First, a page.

“You’d be wasting your time,” said the Widow Mags. “The answer will still be no.”
“Why you—!” He broke off as Nibs scampered up to him with an expression of curiosity on his whiskered face.
“Meew?” said the kitten.
“Get away from me!” snarled Kirby, making a kicking motion with his foot. “Filthy little beast!”
Bertha gasped in outrage, scooping up Nibs quickly. “He’s just a baby.”
The businessman gave her another disgusted look; then, clenching his fists, he turned and stormed out of the kitchen.
Widow Mags snorted “Good riddance!” and hobbled out to the shop at the front. Caitlyn hastily followed as she remembered with a guilty pang that she had left Evie outside on her own. She was relieved to find that the tourists had calmed down and that Professor Ruskin—together with his mad theories—had left for the day. They closed the chocolate shop soon after and retired to the back of the cottage, where Bertha rustled up a simple dinner of succulent honey-glazed ham and English mustard, fresh asparagus and watercress salad, home-made relishes and a large loaf of crusty country bread, all finished off with a delicious gooseberry tart.
As they were licking the last of the creamy tart from their dessert spoons, Evie spoke up:
“Grandma, will you make more of the chocolate sauce?”
The Widow Mags looked at her in surprise. “There’s still some left, isn’t there?”
“Not much. All the chocolate-drizzled strawberries sold out and everyone was asking for more. They even wanted chocolate sauce on their cakes and fudge. And they were buying the jars to take home too.”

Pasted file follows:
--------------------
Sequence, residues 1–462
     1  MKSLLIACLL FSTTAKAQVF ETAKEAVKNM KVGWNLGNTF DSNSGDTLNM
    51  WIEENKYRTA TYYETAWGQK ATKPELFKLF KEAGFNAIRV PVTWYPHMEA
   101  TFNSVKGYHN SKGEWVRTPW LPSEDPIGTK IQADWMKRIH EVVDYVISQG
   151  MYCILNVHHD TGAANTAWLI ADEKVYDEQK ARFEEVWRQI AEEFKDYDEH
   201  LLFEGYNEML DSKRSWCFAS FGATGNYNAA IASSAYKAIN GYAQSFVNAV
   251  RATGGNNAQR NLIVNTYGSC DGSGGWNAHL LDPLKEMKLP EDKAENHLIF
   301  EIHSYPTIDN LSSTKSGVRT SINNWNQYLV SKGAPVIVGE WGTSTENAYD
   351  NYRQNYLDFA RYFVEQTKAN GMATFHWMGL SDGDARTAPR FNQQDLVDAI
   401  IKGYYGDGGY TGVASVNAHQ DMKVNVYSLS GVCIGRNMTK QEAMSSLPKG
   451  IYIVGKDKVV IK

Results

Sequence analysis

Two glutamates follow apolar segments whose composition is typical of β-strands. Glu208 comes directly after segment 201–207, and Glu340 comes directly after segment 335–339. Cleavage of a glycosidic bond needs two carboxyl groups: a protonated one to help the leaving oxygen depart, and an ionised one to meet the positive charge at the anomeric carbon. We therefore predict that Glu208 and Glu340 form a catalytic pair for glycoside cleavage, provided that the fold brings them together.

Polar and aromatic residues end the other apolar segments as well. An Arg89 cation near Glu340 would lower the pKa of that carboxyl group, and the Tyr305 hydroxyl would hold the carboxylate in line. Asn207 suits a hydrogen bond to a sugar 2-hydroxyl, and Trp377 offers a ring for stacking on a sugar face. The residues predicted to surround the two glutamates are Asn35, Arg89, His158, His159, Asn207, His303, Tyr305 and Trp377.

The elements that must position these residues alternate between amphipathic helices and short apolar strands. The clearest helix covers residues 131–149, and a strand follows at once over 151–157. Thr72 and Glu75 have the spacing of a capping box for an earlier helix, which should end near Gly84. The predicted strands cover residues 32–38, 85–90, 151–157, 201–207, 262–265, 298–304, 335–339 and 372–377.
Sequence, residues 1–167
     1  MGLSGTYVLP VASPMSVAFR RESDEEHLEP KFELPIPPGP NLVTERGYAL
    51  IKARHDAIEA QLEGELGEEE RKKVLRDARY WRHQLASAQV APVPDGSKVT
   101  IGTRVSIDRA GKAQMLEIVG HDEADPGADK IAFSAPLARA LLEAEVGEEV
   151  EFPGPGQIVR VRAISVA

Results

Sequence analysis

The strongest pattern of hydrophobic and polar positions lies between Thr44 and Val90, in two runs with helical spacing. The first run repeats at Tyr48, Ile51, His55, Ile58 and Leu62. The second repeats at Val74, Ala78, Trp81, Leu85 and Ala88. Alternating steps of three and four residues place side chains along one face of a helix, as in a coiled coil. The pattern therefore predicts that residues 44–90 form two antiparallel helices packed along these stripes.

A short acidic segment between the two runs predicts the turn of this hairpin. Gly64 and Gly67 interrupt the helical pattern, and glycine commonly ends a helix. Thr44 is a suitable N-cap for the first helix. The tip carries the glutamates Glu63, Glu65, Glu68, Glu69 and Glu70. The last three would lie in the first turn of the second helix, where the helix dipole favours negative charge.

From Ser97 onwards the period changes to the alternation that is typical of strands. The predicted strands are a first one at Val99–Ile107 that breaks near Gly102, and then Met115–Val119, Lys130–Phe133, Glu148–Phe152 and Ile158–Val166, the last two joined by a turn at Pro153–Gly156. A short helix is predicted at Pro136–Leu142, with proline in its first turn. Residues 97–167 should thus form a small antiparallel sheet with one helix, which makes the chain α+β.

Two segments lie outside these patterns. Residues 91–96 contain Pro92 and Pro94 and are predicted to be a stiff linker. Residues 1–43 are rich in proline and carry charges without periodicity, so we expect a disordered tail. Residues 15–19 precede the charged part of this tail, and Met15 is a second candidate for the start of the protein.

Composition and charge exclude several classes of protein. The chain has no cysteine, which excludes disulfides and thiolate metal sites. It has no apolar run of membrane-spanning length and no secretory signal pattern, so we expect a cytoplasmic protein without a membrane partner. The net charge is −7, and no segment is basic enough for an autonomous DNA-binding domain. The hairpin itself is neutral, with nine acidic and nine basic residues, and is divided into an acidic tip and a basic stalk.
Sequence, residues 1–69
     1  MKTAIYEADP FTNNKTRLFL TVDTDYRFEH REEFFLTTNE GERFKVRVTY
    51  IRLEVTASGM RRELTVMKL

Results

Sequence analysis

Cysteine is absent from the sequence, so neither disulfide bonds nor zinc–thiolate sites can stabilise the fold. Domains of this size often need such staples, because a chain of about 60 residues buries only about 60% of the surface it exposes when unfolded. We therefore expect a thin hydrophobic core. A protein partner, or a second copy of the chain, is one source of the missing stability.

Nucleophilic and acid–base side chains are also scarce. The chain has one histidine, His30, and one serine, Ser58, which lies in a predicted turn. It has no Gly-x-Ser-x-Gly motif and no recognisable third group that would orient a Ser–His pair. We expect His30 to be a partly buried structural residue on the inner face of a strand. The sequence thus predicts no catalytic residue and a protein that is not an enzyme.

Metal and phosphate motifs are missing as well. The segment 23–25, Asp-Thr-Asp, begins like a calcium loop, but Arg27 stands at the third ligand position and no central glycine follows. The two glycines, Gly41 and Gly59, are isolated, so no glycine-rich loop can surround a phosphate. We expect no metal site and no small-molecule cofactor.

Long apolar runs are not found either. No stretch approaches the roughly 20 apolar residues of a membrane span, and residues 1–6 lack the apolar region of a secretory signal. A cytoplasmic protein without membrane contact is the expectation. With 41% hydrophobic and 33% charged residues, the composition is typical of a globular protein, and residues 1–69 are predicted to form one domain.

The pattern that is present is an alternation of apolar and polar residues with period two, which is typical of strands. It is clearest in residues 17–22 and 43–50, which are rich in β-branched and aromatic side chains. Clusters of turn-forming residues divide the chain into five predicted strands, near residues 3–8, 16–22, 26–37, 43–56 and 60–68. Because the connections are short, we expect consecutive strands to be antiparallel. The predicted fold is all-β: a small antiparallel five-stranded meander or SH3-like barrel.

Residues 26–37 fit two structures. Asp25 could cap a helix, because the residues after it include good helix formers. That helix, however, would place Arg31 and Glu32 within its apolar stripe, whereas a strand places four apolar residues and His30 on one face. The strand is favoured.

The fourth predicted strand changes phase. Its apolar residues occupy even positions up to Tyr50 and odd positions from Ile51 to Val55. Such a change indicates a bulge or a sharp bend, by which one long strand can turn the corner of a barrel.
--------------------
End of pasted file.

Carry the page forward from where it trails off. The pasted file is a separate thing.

The Widow Mags nodded. “I’ll make some more first thing in the morning,”
“Um… well, I really wanted to watch how you do it,” said Evie quickly.
The old woman looked at her in slight surprise—Evie had never shown much interest in chocolate-making before— then she nodded again and lifted Nibs from her lap. The little kitten had curled up in one of his favourite positions—on the Widow Mags’s lap, under the table—and blinked sleepily now, mewing in protest as she rose and gently deposited him on her chair. Then she gathered a few ingredients and cleared a space at the other end of the long, wooden table.
The two girls watched, fascinated, as she placed chunks of gourmet dark chocolate together with fresh cream into a deep copper pot, which she heated above a cauldron of simmering water until the chocolate melted into the cream in beautiful, dark swirls. Then she added a knob of butter, a generous helping of cocoa powder, some sugar, a pinch of salt, and a dash of vanilla, stirring continuously until the dark, molten mixture became thick and glossy.
Caitlyn could feel her mouth beginning to water as the heady fragrance of rich, decadent chocolate filled the kitchen. When the Widow Mags finally lifted the pot off the fire and brought it to the table, she couldn’t resist reaching out a finger towards the dribble of chocolate sauce on the side of the pot.
“Wait… there is one more ingredient,” said the Widow Mags.
Evie watched avidly as the old woman walked to the stillroom and paused just inside the doorway. A locked cupboard was mounted high on the wall. The Widow Mags waved a hand in front of the cabinet door and muttered: “Aperio!” The door swung open and Caitlyn saw various miniature bottles and vials, each with paper labels tied to strings around their necks. The Widow Mags lifted a small glass vial off the top shelf and returned to the table.
“Is that… Grandma, is that the love potion?” asked Evie breathlessly, staring at the vial.